Milwaukee Brewers’ outfielder Lorenzo Cain was 4 for 4 in stolen base attempts this season before Yan Gomes threw him out trying to steal second base early in Saturday night’s game in Washington, D.C.’s Nationals Park.
Gomes made a second strong throw on an Avisaíl García attempt later on in the game, on a play that was close enough it was reviewed, but the call was upheld, and García was ruled safe.
Those were the only two attempts on Gomes in the nightcap of the doubleheader.
The Nationals’ 33-year-old catcher finished the night 10 for 22 throwing out would-be base stealers this season, (45% CS%), up from 18% last year, and career mark of 34% and Gomes started the day on Sunday with the best CS% in the NL, and the second best in majors, with only Houston Astros’ catcher Martín Maldonado (7 for 14, 50% CS%) ahead of him so far in 2021.
“He worked diligently with Henry [Blanco] to get better at throwing,” Nationals’ manager Davey Martinez told reporters on Sunday morning, detailing the work Gomes did in their Spring Training home in West Palm Beach with the current Bullpen Coach and former big league backstop.
“It’s all about his footwork,” Martinez explained. “He’s getting rid of the ball really, really quick and getting a lot on his throws, and like I said, he worked a lot this spring on doing that and getting in a better position to throw. But I mean, he’s got a great arm, Henry just happened to adjust the way he sets up when guys are on base, so he’s doing well.”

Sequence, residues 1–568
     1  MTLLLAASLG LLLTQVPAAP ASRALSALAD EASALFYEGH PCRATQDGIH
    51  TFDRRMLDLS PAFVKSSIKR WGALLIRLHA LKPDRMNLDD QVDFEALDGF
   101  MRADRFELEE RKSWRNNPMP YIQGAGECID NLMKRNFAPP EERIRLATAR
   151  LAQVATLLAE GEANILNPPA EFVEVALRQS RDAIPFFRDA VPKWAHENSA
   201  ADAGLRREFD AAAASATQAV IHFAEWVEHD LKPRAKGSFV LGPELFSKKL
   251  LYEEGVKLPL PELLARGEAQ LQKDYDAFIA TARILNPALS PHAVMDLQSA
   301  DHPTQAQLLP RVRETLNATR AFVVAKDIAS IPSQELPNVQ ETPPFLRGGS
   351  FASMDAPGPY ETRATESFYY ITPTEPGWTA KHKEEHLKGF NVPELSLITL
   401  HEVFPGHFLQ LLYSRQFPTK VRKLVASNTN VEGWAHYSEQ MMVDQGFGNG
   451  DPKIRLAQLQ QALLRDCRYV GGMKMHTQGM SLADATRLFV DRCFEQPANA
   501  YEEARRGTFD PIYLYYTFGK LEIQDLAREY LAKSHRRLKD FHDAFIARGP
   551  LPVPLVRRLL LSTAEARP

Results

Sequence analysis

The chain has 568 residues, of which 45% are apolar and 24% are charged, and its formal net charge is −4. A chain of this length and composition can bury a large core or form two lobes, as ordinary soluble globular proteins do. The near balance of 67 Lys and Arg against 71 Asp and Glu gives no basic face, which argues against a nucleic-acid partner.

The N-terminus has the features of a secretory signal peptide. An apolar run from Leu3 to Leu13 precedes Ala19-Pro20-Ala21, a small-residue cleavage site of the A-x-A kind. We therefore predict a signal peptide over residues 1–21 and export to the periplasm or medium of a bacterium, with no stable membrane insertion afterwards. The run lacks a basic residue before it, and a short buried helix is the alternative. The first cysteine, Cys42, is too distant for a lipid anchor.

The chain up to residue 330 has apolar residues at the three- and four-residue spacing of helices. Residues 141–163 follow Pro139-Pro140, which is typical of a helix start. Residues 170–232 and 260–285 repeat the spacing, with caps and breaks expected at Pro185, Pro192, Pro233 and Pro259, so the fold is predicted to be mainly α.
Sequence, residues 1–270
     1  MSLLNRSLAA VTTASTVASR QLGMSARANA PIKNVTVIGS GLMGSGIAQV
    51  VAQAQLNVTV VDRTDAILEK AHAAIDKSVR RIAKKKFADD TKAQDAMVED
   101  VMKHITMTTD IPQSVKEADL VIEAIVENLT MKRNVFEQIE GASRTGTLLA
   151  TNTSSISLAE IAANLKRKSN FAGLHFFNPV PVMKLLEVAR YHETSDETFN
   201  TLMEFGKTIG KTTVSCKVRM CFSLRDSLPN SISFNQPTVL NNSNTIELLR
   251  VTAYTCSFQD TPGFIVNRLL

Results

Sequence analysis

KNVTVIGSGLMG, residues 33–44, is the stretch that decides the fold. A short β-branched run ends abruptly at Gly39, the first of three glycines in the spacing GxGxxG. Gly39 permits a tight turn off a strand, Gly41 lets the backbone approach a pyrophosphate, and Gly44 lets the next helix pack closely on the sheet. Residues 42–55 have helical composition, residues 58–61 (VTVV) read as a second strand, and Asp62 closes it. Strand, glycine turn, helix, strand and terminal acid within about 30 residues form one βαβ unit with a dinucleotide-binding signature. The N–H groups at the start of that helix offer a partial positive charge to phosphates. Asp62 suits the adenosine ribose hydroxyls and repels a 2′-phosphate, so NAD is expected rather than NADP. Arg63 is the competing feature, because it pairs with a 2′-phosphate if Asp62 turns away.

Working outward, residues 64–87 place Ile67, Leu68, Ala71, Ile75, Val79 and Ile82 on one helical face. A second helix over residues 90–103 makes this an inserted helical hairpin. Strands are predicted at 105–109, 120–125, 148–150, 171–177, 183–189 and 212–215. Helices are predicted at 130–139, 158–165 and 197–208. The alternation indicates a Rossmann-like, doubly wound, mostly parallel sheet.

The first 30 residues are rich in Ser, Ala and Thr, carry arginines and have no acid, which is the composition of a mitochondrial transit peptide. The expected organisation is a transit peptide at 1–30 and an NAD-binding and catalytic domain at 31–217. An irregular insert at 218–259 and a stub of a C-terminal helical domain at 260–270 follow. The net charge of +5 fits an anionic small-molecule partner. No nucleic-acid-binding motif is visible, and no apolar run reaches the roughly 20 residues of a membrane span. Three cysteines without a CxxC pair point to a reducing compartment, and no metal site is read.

Jon Lester, who was on the mound for each of the attempts by the Brewers on Saturday, said he definitely appreciates what Gomes brings in terms of helping control opposing team’s running games.
“It’s huge,” Lester said. “Especially against a team like that that likes to run, that’s an athletic team. They, I don’t want to say they’re reckless because they’re not, but they sometimes, kind of get out there and steal bases with a reckless abandon. So it’s nice to — Yan put a great throw on Lorenzo there, barely missed Urías I think was the other one that stole, so yeah, any time you have a guy back there, him and [Alex Avila] have done a great job of that, and if we can mix up our looks and mix up our times, and give those guys a chance, that kind of combats that side of the game.”
Avila was 2 for 5 (40% CS%) heading into play on Sunday, in a small sample size as a backup catcher.
Martinez said he thought Lester and the Nationals’ other pitchers too have worked hard to do their part in handling baserunners after the club made it a focus this spring.
“It was one of our goals this spring to get our pitchers to be a little bit quicker,” Martinez said, “... to have different holds, not do the same thing over and over again, as you know, you know there’s a lot of video, a lot of different things that everybody looks at this day and age, so we want to mix it up and our pitchers have done a great job in doing that.”